I think probably maybe it’s my age. I’ve become more of a student of learning and listening, trying to test drive and end some things and try some new concepts that I do. That’s one of the things I’ve tried out what people know. I try to find out where they’re at, where they headed at? You can’t tell anybody to do anything. You can just offer up some of those potential solutions. I think that’s what’s helped myself, it’s helped my daughter. It’s helped actually our entire family. I joke when I do a lot of corporate speaking.
One of the things I tell people is that, collectively our family has lost four hundred and twenty five pounds. When we all get in a car together we get much better gas mileage. So it’s been great. It feels great to have a more energetic mindset and a sense of possibility. It’s never perfect. You have stresses and things that come along. You have times where you fall off the wagon. It’s nice to have what I would call a portfolio of strategies to help you.
I’m also a big believer of that, you need a circle of support. You need some trusted advisers. You need people in your life that you can tap hand into. I found for me, that social media has been extremely helpful. A lot of times people said, how can I lose weight? What can I do? I said, “Well, let me tell you. It’s a little motivating if you can get in front of fifteen million people and take your shirt off, you’re out there for the world to see every week. It’s not hard to make that scale work the way you want to.”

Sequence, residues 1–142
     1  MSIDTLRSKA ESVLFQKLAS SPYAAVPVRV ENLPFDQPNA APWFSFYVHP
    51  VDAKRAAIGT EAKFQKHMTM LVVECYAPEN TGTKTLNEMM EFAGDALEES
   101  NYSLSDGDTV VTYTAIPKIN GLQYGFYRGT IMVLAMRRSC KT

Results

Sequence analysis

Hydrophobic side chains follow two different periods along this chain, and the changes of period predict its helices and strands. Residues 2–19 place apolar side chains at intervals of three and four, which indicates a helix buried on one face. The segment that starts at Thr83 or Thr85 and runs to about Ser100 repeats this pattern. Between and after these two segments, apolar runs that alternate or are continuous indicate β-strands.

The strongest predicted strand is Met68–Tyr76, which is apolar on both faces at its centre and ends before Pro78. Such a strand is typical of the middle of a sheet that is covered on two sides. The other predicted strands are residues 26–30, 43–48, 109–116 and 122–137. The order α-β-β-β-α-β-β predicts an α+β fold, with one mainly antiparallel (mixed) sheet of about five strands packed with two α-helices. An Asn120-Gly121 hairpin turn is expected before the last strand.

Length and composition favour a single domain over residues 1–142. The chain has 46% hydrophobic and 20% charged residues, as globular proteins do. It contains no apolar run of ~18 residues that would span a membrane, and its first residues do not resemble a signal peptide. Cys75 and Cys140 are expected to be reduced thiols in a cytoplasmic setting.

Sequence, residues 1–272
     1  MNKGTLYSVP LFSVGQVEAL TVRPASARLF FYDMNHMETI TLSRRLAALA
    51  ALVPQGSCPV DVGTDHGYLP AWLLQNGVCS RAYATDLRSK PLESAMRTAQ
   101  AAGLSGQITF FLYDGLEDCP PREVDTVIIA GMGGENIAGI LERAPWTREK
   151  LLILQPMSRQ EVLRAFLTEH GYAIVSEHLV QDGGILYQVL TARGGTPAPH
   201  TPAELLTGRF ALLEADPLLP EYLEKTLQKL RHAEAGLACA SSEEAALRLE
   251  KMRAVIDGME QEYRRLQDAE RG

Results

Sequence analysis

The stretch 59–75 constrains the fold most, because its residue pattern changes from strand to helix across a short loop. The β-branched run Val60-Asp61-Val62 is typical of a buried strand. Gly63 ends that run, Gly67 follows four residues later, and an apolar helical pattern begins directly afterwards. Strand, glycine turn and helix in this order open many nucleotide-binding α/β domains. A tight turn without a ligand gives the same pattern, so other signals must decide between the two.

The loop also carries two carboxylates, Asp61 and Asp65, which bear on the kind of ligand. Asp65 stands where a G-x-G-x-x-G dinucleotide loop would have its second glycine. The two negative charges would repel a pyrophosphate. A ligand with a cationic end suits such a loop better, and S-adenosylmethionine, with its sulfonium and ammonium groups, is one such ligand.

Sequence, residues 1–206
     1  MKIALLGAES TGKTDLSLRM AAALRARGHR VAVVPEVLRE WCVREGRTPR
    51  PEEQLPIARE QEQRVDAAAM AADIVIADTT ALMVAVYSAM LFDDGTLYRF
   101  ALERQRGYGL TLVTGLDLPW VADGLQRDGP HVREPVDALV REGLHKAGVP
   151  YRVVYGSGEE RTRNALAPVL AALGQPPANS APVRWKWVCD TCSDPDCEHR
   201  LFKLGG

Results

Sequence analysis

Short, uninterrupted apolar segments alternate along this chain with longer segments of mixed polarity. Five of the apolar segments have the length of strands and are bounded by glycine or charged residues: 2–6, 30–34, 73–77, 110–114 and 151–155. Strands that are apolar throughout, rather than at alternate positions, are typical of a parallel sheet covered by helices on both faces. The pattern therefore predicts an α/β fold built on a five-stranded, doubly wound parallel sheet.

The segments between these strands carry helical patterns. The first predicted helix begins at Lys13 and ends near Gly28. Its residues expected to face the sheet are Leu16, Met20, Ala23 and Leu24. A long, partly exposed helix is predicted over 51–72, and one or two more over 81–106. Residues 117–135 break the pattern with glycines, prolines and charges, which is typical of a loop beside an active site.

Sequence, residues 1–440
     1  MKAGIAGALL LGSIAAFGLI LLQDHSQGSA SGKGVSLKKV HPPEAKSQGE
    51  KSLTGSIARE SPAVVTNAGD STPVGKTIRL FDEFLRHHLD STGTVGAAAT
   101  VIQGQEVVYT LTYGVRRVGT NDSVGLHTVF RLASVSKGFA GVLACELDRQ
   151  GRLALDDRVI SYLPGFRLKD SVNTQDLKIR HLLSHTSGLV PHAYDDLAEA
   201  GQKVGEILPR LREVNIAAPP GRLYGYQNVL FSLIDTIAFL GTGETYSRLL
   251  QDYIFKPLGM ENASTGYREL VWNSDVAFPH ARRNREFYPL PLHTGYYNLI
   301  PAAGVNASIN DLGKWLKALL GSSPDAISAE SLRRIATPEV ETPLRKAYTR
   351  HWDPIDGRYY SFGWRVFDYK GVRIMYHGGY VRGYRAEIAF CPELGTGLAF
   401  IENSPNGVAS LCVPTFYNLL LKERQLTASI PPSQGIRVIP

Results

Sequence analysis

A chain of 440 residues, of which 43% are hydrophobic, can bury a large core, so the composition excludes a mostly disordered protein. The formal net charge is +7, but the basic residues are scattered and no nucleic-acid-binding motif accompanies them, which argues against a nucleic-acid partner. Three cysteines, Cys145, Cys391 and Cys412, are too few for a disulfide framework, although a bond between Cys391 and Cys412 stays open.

If you use social media in the right way, not as a hammer there is a way to be accountable, and out there, let people know what you’re doing and what you’re thinking. I just found that it seems to be that the people that were share what they’re doing and admit the things they’re doing the challenges they got. They get a lot more support. It’s not like there are haters out there and people are knocking you.
I found that where you can say that social media isn’t personal. I’ve actually found that it’s probably one of the best ways for people to stay connected out there. Even today like with this podcast it’s another good example. Maybe there’s something that we’re saying today or something somebody hears somewhere that kept that little thing to have clicks for somebody. Maybe you’ll pick up your book or they’ll pick up Robert Fritz’ book or hear something that will help change your lifestyle.
I try to make sure that people will do that. I found that there are some people that are self-directed, they do everything by themselves and that’s it. But it seems to be the trend that I’m noticing is that are a lot of people that are actually looking for group involvement. I love cross fit, I love fly wheel where Jennifer and I do spinning which is a group environment. I do some [inaudible 0:10:14] group activities. I found that at least for me, it’s nice to have that camaraderie, have others around you and they’re not judging you.